Recently I wrote about empowerment and the importance of letting patients make their own health care decisions. Our job is to make sure patients are given information and then allowed to choose the best option for them. Maybe we should even embolden patients; give them confidence and encourage them to take more control. Physicians tend to feel more comfortable advising according to the “standard of care” and we struggle handing over the reins when we believe we “know” the safest path to take.
Every time I talk about building better metrics, I emphasize the significance of evaluating something physicians can change or control. The intent behind measuring patient satisfaction was likely to increase patient autonomy, however, as with many things; the devil was in the details. It turns out chasing higher patient satisfaction scores can result in higher costs and increased mortality. Overall, the most satisfied patients were more likely to be admitted to the hospital, and total health-care costs were 9 percent higher. Most strikingly, for every 100 people who died over a four-year period in the least satisfied group, 126 people died in the most satisfied group. At least they died happy and satisfied right? That notion can be difficult for some physicians to accept but might be more important than we realize.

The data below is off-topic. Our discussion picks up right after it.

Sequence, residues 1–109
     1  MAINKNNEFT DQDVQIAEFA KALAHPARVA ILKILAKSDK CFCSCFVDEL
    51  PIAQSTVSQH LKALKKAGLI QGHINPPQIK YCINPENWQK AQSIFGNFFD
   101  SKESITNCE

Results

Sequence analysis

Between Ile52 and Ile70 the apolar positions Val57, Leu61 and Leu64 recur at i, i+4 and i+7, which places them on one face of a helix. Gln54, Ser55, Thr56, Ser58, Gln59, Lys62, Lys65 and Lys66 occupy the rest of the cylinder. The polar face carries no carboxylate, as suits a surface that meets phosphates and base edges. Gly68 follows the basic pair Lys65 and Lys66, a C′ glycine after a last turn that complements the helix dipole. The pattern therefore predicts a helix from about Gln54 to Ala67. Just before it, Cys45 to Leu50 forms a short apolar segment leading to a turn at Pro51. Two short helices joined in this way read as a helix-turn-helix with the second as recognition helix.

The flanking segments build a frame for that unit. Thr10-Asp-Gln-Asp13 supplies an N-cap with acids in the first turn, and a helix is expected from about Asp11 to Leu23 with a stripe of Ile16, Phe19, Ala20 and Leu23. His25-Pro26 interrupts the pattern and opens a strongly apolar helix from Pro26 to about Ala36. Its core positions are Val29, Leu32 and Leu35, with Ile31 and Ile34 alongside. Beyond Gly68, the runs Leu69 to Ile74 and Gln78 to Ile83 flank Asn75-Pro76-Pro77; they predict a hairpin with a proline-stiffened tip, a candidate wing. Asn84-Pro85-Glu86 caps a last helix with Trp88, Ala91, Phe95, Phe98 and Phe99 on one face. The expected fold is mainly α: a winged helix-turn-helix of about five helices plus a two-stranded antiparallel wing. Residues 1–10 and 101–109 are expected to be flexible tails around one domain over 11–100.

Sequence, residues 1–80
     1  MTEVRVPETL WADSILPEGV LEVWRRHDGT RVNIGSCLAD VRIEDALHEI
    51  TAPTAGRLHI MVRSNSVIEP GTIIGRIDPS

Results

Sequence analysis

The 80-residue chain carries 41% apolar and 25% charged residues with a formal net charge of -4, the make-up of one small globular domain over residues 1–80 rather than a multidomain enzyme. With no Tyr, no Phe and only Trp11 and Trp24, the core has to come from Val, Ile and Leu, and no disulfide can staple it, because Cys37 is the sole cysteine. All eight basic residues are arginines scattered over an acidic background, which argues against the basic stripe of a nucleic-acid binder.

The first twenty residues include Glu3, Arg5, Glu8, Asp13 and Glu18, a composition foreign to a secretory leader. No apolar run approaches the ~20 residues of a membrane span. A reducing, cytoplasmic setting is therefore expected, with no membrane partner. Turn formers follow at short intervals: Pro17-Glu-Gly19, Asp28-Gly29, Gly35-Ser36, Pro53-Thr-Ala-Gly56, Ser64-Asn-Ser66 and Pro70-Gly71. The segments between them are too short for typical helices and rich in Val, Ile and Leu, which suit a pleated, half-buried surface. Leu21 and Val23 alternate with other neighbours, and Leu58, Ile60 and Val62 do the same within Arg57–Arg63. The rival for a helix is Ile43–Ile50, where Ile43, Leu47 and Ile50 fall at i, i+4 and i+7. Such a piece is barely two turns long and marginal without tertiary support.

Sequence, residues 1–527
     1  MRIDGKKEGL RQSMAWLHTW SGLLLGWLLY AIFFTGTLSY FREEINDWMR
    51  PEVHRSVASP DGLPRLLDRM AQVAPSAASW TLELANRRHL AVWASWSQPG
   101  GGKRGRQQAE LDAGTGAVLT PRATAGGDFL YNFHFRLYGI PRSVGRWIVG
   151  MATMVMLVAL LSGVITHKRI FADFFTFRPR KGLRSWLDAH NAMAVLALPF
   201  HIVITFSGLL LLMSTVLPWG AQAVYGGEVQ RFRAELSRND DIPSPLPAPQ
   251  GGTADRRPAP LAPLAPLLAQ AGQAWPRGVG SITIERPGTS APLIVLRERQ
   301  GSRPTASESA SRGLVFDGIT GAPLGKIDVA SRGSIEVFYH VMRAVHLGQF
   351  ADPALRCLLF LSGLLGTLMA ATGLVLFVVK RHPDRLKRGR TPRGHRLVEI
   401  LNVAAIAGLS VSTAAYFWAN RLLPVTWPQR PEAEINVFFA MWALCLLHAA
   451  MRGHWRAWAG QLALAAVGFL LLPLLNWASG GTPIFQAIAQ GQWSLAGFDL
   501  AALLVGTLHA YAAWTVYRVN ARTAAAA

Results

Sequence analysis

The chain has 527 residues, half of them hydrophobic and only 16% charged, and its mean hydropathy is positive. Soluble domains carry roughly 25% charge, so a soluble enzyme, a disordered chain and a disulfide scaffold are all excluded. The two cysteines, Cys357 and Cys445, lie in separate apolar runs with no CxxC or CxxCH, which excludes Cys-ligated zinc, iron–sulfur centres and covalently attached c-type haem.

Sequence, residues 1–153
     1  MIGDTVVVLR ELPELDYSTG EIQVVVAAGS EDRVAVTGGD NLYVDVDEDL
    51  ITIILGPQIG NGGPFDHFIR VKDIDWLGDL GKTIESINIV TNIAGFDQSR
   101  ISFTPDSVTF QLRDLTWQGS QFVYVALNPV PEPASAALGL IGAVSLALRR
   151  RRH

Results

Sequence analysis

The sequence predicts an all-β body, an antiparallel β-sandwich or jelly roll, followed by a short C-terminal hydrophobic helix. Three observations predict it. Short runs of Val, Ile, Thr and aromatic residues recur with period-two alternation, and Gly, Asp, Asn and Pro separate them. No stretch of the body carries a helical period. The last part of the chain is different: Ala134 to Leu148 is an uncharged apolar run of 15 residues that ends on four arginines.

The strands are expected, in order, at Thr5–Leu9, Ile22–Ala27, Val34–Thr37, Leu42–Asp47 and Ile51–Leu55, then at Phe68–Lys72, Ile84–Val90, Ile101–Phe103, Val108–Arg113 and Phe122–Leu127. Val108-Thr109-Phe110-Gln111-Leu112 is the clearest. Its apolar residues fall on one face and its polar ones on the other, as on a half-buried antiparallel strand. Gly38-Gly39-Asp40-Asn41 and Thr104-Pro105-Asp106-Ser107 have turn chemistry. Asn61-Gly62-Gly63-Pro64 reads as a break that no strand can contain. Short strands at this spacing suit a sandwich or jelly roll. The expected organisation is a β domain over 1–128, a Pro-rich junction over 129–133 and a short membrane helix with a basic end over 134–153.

Looking at surveys Press Ganey developed over their illustrious careers leaves me wanting something more than, “Did your doctor listen to you?” and, “How often were you treated with courtesy and respect by your physician?” Neither attribute ensures better health care outcomes as noted above. If the goal is to empower patients, more objective questions are necessary to give more insight into this metric.
- Did your physician give you a name for your condition? (“I don’t know” counts.)
- Did your physician discuss more than one treatment option?
- Did your physician ask you to choose a treatment for your condition?
- Did you ask a question of your physician? How many?
- What did you learn during your appointment with your physician? (Use lines below, and there is more space on the back if necessary.)
A few winters ago, I had my opinion handed to me on a silver platter. A new family with a 4-month-old baby came in for a well child check-up and immunizations. The mother mentioned concerns about a cough her son had for 7 days. On exam, he was afebrile and well hydrated; yet, had raspy breathing that troubled me. On exam, that observation translated into bi-basilar crackles with slightly decreased breath sounds on the right side. Without a fever, a chest x-ray seemed like the best option to differentiate between bronchiolitis (not worrisome) and pneumonia (more distressing.)